The events of Captain America: Civil War continue to ripple throughout the Marvel Cinematic Universe. Tony Stark/Iron Man is moving the team’s headquarters from Avengers Tower to a facility upstate, while Steve Rogers/Captain America is now deemed a war criminal and his whereabouts are unknown. Having been recruited by Iron Man for that airport brawl which pitted Avenger against Avenger, Peter Parker now returns to his daily life in Queens, New York where he’s no Avenger — just your friendly neighborhood, Spider-Man.

During the day he attends high school and in the evening, under the guise of a Stark internship, Peter patrols the city and reports back to Happy Hogan. He juggles his academics, social life and crime-fighting as best he can, but he also yearns to use his abilities to do more than retrieve stolen bikes and help sweet old ladies with directions.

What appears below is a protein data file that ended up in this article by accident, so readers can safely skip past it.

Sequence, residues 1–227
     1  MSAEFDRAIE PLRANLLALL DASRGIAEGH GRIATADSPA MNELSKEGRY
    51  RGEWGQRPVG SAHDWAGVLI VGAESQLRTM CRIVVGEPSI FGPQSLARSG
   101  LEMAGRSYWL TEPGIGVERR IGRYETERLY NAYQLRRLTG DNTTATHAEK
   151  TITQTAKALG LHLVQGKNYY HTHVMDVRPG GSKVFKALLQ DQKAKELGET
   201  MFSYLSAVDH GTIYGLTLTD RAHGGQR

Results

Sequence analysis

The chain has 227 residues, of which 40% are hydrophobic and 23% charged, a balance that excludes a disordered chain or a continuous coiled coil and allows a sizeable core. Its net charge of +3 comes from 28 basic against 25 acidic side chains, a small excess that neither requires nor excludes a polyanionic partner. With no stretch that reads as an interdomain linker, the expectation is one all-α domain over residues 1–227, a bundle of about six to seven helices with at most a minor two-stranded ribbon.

Then one evening, Peter intervenes in an ATM robbery where the culprits are armed with some seriously advanced tech. This encounter sends him on a wild chase, investigating an illegal weapons ring that’s been stealing other-worldly technology from government black sites.

And after almost drowning when battling with the guy in charge — Adrian Toomes, former owner of a salvage operation who lost out on the Battle of New York clean up gig to the Stark-backed Department of Damage Control and who now flies around in a vulture-inspired, metal winged suit — it’s clear that Peter is in way over his head. But who can be bothered about a Spanish test or the Homecoming dance when the fate of the whole city is at risk?

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There weren’t many clamoring for yet a another Spider-Man movie, but it’s impossible to deny how utterly charming and damn near-perfect Tom Holland was in the role when he briefly appeared in Civil War. Still, that great performance aside, it was hard to feel genuine excitement for the fifth Spider-Man film in 15 years and what is now the third attempt at the character.